The Auditing Oligopoly and Lobbying on Accounting Standards
Executive Summary — The US auditing industry has been characterized as an oligopoly, which has successively tightened from eight key players to four over the last 25 years. This tightening is likely to change the incentives of the surviving big auditors, with implications for their role in our market economy. Motivated by the economic and public policy implications of the tightening audit oligopoly, the authors of this paper investigate the changing relation between the big firms and accounting standards. Accounting standards are a key input in the audit process and, through their effects on financial reporting, can impact capital allocation decisions in the economy. Results show that the big auditors are more likely to identify decreased reliability in proposed standards as the auditing oligopoly has tightened: This suggests that big auditors perceive higher litigation and political costs from the increased visibility that accompanies tighter oligopoly. The findings are also consistent with tighter oligopoly decreasing competition among the surviving firms to satisfy client preferences in accounting standards. The findings do not support the concern that tightening oligopoly has rendered the surviving big firms "too big to fail." Key concepts include:
- This research investigates the impact of the tightening audit oligopoly on "Big Four" auditors' propensity to discuss decreased "reliability" in accounting standards proposed by the Financial Accounting Standards Board (FASB).
- "Reliability" is a key attribute of accounting. Moreover, reliability is directly relevant to auditors because it entails "verifiability," another key aspect of auditing.
- As the auditing oligopoly has tightened, big auditors are more prone to eschew the judgment and risks inherent in less reliable accounting standards.
- Results provide some descriptive evidence on the evolution of "rules" over "principles" in U.S. Generally Accepted Accounting Principles (GAAP).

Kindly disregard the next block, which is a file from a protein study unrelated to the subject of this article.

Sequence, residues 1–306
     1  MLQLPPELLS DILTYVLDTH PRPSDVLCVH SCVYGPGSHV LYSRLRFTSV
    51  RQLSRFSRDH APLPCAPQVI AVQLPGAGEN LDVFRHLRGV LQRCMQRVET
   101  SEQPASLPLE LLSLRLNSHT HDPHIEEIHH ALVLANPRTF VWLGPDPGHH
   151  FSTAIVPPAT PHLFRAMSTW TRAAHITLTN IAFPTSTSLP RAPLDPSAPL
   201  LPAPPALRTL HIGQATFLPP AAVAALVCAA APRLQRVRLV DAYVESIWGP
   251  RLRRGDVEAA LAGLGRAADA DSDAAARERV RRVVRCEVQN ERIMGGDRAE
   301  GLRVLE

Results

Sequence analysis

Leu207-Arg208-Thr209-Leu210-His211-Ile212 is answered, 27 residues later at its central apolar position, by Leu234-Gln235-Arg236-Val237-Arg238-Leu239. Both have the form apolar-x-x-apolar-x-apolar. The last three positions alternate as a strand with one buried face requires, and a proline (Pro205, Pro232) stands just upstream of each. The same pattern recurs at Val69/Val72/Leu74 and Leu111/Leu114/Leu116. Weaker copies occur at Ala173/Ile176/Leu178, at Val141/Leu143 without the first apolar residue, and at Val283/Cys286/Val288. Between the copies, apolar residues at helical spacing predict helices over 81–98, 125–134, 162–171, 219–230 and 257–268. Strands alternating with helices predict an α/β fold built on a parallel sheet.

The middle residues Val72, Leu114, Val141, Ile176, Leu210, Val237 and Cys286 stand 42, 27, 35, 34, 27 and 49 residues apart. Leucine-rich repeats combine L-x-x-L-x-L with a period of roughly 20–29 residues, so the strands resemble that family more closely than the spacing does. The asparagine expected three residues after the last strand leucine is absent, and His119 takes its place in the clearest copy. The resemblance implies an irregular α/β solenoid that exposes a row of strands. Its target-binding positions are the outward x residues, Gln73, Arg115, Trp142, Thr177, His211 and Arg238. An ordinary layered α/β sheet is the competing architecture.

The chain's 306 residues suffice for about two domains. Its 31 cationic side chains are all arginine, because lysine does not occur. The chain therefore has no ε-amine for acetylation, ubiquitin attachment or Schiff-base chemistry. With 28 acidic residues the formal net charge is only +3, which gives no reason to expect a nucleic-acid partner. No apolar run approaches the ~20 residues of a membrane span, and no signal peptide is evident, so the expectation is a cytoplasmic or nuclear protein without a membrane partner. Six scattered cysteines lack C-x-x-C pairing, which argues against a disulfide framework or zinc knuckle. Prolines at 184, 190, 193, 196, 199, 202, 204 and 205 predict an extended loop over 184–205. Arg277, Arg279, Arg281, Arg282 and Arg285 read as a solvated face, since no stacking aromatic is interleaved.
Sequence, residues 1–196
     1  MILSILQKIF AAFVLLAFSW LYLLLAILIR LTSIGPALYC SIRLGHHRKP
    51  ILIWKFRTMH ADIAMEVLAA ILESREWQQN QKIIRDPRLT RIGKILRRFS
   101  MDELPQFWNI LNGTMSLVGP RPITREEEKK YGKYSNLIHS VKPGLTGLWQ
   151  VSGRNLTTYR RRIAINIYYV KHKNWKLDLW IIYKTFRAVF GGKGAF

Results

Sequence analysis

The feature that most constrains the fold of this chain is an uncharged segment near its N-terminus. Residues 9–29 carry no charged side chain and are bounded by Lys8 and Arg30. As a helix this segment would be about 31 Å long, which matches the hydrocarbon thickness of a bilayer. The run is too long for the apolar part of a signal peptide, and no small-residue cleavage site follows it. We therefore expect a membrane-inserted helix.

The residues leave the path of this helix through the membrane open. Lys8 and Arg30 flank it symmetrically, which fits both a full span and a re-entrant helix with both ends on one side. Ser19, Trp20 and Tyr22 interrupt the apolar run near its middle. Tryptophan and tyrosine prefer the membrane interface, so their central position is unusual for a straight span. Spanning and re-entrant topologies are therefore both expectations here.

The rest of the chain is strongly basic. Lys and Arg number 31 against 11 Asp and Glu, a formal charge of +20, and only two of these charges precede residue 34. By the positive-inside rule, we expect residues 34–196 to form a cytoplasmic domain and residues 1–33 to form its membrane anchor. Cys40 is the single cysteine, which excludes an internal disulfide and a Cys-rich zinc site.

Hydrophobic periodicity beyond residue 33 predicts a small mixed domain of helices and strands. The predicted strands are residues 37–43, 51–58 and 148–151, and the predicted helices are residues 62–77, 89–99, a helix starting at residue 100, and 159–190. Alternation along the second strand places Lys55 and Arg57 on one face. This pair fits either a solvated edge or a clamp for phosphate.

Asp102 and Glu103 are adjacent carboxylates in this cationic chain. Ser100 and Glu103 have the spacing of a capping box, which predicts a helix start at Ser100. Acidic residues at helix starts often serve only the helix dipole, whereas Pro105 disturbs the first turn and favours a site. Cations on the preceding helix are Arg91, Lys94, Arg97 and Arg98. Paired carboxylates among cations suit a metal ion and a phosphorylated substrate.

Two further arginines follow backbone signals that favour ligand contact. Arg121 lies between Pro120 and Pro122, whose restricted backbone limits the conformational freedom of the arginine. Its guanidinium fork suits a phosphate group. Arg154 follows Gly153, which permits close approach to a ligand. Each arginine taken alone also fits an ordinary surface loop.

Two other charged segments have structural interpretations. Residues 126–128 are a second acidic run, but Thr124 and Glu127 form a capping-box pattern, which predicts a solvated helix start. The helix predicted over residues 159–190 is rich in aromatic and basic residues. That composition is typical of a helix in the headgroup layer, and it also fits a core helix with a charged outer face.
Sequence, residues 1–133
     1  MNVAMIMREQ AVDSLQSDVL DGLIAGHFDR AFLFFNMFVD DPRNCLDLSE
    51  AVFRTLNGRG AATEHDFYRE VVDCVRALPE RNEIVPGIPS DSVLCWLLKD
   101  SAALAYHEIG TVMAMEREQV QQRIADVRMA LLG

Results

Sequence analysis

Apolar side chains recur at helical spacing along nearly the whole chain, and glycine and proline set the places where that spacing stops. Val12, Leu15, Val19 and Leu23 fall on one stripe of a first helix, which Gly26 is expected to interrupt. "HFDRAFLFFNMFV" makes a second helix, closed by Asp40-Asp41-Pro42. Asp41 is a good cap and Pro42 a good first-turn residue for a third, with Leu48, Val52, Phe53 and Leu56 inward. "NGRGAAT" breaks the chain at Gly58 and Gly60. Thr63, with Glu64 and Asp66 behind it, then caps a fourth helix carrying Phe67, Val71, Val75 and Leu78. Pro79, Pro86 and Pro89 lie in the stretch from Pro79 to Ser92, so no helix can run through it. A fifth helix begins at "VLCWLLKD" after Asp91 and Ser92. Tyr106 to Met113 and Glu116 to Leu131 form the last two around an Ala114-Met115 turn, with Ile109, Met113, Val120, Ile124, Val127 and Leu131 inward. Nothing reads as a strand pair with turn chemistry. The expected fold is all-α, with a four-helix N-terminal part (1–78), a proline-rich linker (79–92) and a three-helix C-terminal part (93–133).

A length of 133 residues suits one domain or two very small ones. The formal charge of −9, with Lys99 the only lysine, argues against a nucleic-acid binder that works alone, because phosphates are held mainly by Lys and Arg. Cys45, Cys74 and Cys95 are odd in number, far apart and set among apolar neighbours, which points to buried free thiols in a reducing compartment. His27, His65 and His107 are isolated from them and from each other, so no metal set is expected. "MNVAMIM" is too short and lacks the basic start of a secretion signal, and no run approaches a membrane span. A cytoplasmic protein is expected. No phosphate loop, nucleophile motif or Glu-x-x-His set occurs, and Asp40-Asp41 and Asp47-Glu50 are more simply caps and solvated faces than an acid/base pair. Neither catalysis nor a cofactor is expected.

- The growth of rules-based accounting standards is significant because it can result in a collectivization of auditing and financial reporting risks in ways that can be sub-optimal for capital allocation.
- Results do not support the notion that the tightening oligopoly has rendered the surviving big audit firms "too big to fail."
We examine how the tightening of the US auditing oligopoly over the last twenty-five years—from the Big 8 to the Big 6, the Big 5, and, finally, the Big 4-has affected the incentives of the Big N, as manifest in their lobbying preferences on accounting standards. We find, as the oligopoly has tightened, Big N auditors are more likely to express concerns about decreased "reliability" in FASB-proposed accounting standards (relative to an independent benchmark); this finding is robust to controls for various alternative explanations. The results are consistent with the Big N auditors facing greater political and litigation costs attributable to their increased visibility from tightening oligopoly and with decreased competitive pressure among the Big N to satisfy client preferences (who usually demand accounting flexibility at the expense of reliability). The results are inconsistent with the claim that the Big N increasingly consider themselves "too big to fail" as the audit oligopoly tightens.